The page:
WBE is now a community run site. Want to write for WBE? Then go here to register, and do it. Got a ride you want to promote, got an issue you want to rant about, got a question you want ask the world? Do it. I still get final say on what gets published*, but YOU get to write it now! I’m giving the site to YOU. Don’t break it.
*That’s for anti-spam measures. If I know you or you’ve published a few times before I’ll probably remove that.
The City of Eugene will hold a public open house on Monday, Nov. 18, from 5:30 to 7 p.m. at the Eugene Public Library Bascom-Tykeson Room, 100 W. 10th Ave., to present three proposed changes to City bike and skateboard laws. The session will include a staff presentation followed by questions and comments from the public.
Proposal 1: Allow electric assisted bicycles to be ridden on off-street shared use paths. Currently, city code does not allow electric assisted bicycles to be ridden on off-street shared-use paths with the electric assist device engaged although electric bikes are considered bicycles under state law. Eugene’s prohibition is inconsistent with other cities in Oregon. Electric assist bicycles are increasingly popular because they allow users to travel for longer distances, carry more cargo on their bikes, and to get an extra boost when needed.
Proposal 2: Expand the downtown bicycle and skateboard “no sidewalk riding” zone to cover new areas where pedestrian safety concerns have been expressed by the public. Several alternative zones will be presented for consideration inside the area bounded by 6th Avenue, High Street, 13th Avenue and Charnelton Street. This proposal is intended to improve public safety in high-pedestrian areas.
Proposal 3: Allow skateboards to be ridden on city streets. Currently, skateboards cannot be ridden in the portion of a street designated for automobile traffic, except when crossing a street in a crosswalk or at a right angle. Skateboarding is currently completely prohibited in areas of downtown Eugene and near the University of Oregon, where it is also banned on the sidewalks. This proposal would make skateboarding a more viable transportation option especially in areas where it is illegal to ride in the street and on the sidewalk. Skateboarding is increasing as a travel option, and the new WJ Skate Park will generate more demand for skateboarding from current residents and visitors from out of the area.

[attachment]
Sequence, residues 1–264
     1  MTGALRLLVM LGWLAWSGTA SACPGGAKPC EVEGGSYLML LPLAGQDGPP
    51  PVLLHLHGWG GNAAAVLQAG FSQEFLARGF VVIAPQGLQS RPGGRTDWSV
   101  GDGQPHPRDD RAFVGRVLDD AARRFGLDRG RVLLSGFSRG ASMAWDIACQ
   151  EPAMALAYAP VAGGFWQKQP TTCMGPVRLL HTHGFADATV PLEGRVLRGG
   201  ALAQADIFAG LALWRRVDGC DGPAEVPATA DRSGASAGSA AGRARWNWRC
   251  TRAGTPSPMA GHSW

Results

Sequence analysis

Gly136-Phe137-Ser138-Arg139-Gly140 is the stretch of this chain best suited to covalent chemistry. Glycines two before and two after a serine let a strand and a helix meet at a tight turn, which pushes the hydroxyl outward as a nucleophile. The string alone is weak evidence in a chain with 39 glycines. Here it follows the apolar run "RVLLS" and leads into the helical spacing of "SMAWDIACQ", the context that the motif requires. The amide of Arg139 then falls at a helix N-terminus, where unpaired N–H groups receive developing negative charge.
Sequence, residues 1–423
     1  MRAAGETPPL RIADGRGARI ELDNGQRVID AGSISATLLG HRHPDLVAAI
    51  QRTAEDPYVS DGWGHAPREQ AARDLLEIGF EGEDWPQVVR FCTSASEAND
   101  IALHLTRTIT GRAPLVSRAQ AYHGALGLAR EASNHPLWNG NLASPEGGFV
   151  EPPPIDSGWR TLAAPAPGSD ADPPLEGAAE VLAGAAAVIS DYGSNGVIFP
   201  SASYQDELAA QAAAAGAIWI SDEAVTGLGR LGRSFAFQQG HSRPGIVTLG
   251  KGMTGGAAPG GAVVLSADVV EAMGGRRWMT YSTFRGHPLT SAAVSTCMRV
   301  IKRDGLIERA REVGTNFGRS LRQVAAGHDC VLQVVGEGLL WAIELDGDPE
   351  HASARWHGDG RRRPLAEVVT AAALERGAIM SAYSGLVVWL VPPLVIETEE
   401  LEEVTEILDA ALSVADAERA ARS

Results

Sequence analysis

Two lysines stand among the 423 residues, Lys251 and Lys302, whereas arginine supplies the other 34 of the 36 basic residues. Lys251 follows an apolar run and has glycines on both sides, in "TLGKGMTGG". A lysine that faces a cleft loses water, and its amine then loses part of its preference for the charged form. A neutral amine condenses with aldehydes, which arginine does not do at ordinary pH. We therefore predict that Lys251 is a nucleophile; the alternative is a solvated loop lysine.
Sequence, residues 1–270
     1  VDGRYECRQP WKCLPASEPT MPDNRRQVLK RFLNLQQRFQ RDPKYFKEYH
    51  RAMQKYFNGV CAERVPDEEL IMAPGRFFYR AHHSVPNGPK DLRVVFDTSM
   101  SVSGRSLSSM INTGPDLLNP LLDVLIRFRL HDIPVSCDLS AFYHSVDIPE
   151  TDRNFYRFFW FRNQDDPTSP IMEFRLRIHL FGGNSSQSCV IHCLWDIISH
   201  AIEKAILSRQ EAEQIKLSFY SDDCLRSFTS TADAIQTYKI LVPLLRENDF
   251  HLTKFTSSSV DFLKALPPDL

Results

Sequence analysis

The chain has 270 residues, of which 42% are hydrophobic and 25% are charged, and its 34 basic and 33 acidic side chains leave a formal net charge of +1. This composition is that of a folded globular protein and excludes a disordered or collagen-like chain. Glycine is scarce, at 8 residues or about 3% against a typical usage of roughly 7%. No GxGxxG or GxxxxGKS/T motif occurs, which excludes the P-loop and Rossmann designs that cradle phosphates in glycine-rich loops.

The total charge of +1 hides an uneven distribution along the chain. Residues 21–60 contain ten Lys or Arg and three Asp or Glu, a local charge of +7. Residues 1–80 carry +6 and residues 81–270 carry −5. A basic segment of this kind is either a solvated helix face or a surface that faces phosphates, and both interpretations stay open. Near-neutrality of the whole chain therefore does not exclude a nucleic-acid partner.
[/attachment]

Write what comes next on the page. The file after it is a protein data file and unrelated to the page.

(Editors note: I have heard from city staff that there are major concerns from the police with this possible change on the skateboard law and that could be a major barrier especially if there isn’t a major advocacy push for this. If there is interest from people to create legal and safe transportation options for people using skateboards then we need people to step up and push for this change! Otherwise it will remain illegal for people to use skateboards on our streets. With changes in board technology, usage, culture, and how we want to use our public space we really need to change this law).
The public input received at this open house will be used to help determine what changes to the code will be recommended to the City Council at a work session in 2014. For more information about the open house or these proposals, contact Bicycle Pedestrian Coordinator Lee Shoemaker at firstname.lastname@example.org or 541-682-5471.
Both the City of Eugene and the City of Springfield are looking for new BPAC members. Apply and get engaged on building a better active transportation environment for our community! Eugene applications are due Nov. 22nd and Springfield on Dec. 2nd.
The City of Eugene is seeking new Bicycle and Pedestrian Advisory Committee members.
The application period is open until November 22, 2013. Terms begin in January 2014.
BPAC 2014 Application HERE
Info about Eugene BPAC:
Current Eugene BPAC
Eugene’s Bicycle and Pedestrian Advisory Committee (BPAC) advises the City of Eugene Transportation Planning staff and community organizations and partners on the following:
- Implementation of the Pedestrian and Bicycle Strategic Plan
- Community and constituent interests in transportation planning decisions
- Provides feedback to staff on projects relating to walking and bicycling